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The world is what it is; men who are nothing, who allow themselves to become nothing, have no place in it.

V. S. Naipaul, in A Bend in the River

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At any moment that you look around at those “in charge” or the celebrity, you run the risk of seeing at the top of the pile those who are nothing – because they choose to be nothing.  They may be school headmasters, judges, elected officials, public figures, teachers, TV hosts or their guests, etc.

Seeing those who are nothing by choice in command positions initially leaves an uneasy feeling in one’s stomach.  It is the way your vulnerability registers within you.  Then, the mind kicks in and one thinks “this is a huge mistake … but perhaps this is common in human history over the centuries.”  Sobriety appears in the form of this cold shower.

Only the sober acceptance of this “mistaken” state of being – the fact of this huge miscue – can one begin to seek in self and some others the things that are good and true, eternal and meaningful.  It is not that you are disappointed but rather that you are liberated from the illusion that he or she who has a title is “something.”

Mind you, this is less a cruel joke than a liberating moment – a time when one realizes that the emperors are often more like fools, frauds and slackers than cosmic heroes.  With this you are left with your dignity and drawn into the quest to find your way – using the wisdom of the ages, the words of sages, the ancient tales, the myths with lasting truths.  This is not exile but a homecoming.  Your odyssey comes into focus – you follow in the footsteps of the ancients.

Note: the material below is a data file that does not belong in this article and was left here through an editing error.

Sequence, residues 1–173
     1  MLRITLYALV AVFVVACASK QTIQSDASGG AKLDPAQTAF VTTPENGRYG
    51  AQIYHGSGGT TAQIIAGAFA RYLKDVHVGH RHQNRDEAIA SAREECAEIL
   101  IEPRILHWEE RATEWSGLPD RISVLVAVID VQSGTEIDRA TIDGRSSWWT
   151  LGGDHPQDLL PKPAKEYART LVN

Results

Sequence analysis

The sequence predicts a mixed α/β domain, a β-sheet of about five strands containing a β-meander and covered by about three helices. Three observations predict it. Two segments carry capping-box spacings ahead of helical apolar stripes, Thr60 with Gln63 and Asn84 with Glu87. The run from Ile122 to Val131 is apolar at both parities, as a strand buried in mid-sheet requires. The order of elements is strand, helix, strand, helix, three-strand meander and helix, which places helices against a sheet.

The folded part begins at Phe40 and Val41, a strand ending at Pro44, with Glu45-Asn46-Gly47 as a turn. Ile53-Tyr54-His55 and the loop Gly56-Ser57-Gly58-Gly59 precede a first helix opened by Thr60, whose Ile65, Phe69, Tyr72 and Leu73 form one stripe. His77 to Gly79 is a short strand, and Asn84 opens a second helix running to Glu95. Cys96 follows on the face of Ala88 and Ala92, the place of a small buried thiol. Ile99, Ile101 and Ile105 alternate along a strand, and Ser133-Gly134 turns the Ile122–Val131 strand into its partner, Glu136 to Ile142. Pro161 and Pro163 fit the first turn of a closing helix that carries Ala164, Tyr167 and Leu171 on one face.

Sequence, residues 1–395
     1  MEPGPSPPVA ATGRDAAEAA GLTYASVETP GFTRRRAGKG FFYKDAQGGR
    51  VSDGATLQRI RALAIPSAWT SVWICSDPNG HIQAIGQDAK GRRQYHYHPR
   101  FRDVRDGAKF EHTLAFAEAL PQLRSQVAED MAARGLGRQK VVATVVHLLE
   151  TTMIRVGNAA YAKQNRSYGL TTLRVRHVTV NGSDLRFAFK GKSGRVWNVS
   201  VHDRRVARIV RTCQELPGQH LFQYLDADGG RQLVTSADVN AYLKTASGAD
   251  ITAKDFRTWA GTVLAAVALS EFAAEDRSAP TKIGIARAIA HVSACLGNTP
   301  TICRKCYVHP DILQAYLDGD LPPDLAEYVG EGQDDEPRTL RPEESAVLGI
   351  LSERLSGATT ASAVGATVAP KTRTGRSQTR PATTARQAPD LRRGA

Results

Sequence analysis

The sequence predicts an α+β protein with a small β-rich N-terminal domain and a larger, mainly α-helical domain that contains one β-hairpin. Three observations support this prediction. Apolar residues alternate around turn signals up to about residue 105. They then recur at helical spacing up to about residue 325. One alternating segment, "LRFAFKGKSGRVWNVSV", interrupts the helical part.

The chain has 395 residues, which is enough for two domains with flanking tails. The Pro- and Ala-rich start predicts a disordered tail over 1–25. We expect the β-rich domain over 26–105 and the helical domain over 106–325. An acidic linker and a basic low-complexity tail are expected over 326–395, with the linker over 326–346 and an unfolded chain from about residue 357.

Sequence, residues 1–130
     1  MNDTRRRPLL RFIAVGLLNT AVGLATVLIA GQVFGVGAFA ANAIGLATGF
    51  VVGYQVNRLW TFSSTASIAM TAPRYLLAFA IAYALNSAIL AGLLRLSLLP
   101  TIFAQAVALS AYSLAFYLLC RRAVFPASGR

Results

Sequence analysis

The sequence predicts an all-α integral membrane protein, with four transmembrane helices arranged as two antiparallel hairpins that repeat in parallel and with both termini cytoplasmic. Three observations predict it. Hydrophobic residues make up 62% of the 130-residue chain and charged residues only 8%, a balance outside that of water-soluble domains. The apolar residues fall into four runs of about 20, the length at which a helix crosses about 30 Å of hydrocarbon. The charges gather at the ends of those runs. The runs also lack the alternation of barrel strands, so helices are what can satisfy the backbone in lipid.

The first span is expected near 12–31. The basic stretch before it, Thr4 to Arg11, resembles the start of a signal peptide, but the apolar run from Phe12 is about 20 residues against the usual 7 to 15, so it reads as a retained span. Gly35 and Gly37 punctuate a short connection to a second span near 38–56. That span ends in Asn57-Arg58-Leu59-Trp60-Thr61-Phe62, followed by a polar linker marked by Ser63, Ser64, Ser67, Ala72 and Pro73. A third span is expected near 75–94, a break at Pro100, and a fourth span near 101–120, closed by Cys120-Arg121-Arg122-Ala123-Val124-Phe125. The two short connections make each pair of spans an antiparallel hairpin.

Shalom.

Fox News Educates.  Well former Oval Office occupant Barack Obama endorsed the value of Fox News recently when he said in an interview that – had he listened to Fox News, he would not have voted for himself.  Now that is an endorsement of Fox’s educational value!  Perhaps mandatory viewing of Fox might be the way to go – with candidates and the public.

 

 

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Pearl Harbor Day, December 7, 1941: Remember, Be Vigilant

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History shows that the vital collaborationofreligionandculture has been the normal condition of human society from the beginning.  (Emphasis added.)

We have a secularized scientific world culture which is a body without a soul; while on the one hand religion maintains its separate existence as a spirit without a body. (Emphasis added.)

Christopher Dawson, in Religion and Culture

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The fundamental problem with America today is the estrangement of religion from contemporary secularized culture.  Yes, the vital nexus is broken – and all sorts of disorder flows from this severance.  

When the nexus is severed the culture is without a soul.  Manifestations of this severance run from the altar to the state house, from the person to politics, from family to the workplace, from the school house and university to daily mass media and what passes now as “entertainment.”

Life without a soul is high risk.  Yes, such a life can be deadly when it is not just confused, sad, anxious, sick and injurious.